- Happy homes of their own
II. Senses relating to pleasing appropriateness or aptness
e.g. 2004 L. Hadzihalilovic Innocence Obedience is the only path to happiness
III. Senses relating to contentment
- Feeling pleasure, contentment, especially arising with satisfaction with one’s circumstances, and (also) marked by or expressive of such a feeling: I’m everso happy; #blessed; You’re not happy so no one else can be?
- Expressions of good wishes: Happy new year!
- Willing, ready, eager: Happy to do it; I’d be happy to
e.g. 1816 J. Austen Emma I. xv. 276 Any message to Miss Smith I shall be happy to deliver.
- Of a plant: flourishing, growing well
- Are you happy, Julia?
- Wonderfully happy.
colloq. Slightly intoxicated, esp. so as to feel mildly elated.
Exhibiting harmony or cooperation, sense of mutual goodwill: happy ship
Happy people as a class.
e.g. 1814 M. Edgeworth Patronage IV. xxxix. 184 The happy are not fastidious as to their accommodations, they never miss the painted ceiling, or the long arcade, and their slumbers require no bed of down.
euphemism. Restoration to all of the above: fortune, contentment, appropriateness; esp. for unhappy women with unhappy tempers
e.g. 1846 Charles Dickens to Angela Burdett Coutts, 26 May The means of Return to Happiness are about to be put into her own hands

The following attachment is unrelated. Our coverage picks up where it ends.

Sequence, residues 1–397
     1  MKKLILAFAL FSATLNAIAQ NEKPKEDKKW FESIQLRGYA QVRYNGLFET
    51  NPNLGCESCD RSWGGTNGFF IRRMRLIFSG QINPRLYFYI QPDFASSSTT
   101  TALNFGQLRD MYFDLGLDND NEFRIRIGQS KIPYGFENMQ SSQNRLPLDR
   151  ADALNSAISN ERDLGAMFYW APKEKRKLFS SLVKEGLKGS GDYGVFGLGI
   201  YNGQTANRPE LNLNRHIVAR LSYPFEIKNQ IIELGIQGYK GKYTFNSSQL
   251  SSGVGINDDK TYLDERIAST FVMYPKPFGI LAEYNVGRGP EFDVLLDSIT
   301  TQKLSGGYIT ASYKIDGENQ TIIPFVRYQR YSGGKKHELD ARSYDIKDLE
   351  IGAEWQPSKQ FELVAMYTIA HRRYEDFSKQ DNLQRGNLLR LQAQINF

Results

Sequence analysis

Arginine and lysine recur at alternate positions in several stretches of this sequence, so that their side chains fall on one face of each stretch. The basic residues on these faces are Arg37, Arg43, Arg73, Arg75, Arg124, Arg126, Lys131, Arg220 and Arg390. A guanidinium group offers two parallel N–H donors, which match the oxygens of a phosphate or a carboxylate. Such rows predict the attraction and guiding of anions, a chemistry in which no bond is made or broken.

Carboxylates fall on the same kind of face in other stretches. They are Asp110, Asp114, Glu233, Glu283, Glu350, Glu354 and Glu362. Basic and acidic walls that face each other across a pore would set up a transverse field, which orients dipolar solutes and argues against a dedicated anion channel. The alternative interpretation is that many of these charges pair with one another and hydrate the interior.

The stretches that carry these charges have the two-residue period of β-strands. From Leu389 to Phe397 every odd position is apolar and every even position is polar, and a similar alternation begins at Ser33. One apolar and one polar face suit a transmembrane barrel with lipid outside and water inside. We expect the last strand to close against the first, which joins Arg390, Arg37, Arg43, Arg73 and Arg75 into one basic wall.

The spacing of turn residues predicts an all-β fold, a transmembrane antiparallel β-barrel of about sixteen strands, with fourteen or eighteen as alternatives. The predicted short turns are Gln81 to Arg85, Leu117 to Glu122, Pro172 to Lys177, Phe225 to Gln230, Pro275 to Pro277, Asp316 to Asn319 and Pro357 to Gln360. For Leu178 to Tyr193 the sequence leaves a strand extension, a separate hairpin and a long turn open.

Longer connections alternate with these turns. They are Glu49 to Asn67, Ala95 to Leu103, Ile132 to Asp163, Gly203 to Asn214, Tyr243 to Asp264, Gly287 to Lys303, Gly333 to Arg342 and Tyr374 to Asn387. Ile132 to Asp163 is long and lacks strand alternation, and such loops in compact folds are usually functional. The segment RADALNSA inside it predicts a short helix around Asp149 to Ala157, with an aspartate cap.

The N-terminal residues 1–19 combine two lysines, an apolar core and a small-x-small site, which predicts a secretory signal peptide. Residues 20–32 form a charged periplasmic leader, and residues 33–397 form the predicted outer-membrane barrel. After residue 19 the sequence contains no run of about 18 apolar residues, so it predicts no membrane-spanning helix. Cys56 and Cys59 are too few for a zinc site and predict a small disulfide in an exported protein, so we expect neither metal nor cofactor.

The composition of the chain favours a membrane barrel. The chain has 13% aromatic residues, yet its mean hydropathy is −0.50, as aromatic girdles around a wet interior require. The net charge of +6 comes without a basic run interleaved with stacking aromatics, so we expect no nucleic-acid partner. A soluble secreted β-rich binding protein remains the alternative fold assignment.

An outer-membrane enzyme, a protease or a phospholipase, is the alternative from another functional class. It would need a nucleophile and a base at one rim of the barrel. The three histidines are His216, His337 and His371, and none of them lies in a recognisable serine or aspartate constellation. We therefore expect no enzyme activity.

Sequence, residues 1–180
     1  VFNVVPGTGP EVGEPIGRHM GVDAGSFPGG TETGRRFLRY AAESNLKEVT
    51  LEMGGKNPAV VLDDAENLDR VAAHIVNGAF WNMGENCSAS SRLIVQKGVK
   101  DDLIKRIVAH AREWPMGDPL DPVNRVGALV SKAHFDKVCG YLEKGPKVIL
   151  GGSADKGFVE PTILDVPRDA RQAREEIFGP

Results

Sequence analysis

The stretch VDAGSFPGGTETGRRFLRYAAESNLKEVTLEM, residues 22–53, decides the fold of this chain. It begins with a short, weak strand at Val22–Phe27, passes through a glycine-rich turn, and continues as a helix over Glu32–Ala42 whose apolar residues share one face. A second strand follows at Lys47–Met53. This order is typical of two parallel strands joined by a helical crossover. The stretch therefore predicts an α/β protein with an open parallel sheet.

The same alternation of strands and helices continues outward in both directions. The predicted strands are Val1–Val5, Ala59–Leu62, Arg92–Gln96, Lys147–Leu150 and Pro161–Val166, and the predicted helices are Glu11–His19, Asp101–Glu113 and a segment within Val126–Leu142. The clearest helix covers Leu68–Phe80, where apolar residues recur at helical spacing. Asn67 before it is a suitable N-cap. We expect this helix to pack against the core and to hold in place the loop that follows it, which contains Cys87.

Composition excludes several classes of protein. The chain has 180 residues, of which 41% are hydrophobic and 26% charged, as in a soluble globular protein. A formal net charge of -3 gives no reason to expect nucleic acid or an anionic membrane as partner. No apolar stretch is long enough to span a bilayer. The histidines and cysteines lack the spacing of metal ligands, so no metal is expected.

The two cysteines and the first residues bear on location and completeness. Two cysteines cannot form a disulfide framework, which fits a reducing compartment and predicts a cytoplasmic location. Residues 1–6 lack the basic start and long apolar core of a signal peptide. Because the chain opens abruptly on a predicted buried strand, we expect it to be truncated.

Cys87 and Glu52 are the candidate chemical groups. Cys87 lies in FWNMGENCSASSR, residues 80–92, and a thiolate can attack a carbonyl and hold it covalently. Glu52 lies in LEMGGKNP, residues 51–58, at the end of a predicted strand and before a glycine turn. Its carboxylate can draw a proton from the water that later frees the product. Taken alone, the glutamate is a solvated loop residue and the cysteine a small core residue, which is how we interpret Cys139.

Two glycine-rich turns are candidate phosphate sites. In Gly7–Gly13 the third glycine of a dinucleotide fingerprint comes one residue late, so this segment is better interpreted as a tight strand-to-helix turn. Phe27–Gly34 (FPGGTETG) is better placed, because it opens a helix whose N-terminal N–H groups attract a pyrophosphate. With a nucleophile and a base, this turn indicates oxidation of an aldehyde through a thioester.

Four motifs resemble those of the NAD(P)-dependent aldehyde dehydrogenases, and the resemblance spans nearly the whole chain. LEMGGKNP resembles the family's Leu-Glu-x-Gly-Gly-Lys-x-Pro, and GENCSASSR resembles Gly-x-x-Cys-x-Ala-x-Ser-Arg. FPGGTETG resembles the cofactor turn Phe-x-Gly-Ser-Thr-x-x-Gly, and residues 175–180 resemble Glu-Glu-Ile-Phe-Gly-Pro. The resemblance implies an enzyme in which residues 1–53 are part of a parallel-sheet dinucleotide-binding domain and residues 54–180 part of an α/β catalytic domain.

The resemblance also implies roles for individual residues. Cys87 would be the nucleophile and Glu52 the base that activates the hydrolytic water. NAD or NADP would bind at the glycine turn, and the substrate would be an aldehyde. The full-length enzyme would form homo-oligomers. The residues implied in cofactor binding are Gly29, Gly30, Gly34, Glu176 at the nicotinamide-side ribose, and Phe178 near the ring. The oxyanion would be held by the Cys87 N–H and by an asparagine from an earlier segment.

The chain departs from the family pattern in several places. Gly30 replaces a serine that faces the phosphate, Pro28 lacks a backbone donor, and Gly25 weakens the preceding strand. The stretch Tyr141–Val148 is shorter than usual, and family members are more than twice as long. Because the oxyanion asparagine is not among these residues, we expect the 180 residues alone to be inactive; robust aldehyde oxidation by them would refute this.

- Are you happy, Julia?
- Wonderfully happy.
Probably there are few women who have not had some first friendship, as delicious and almost as passionate as first love. It may not last…but at the same time it is one of the purest, most self-forgetful and self-denying attachments that the human heart can experience: with many, the nearest approximation to that feeling called love – I mean love in its highest form, apart from the selfishness and sensuousness – which in all their after-life they will ever know. This girlish friendship, however fleeting in its character, and romantic, even silly, in its manifestiations, let us take heed how make light of, lest we be mocking at things more sacred than we are aware.
And yet it is not the real thing – not friendship, but rather a kind of foreshadowing of love; as jealous, as exacting, as unreasoning – as wildly happy and supremely miserable; ridiculously so to a looker-on, but to the parties concerned, as vivid and sincere as any after-passion into which the girl may fall; for the time being, perhaps long after, colouring all her world. Yet it is but a dream, to melt away like a dream when love appears…— Dinah Craik, A Woman’s Thoughts About Women, 1857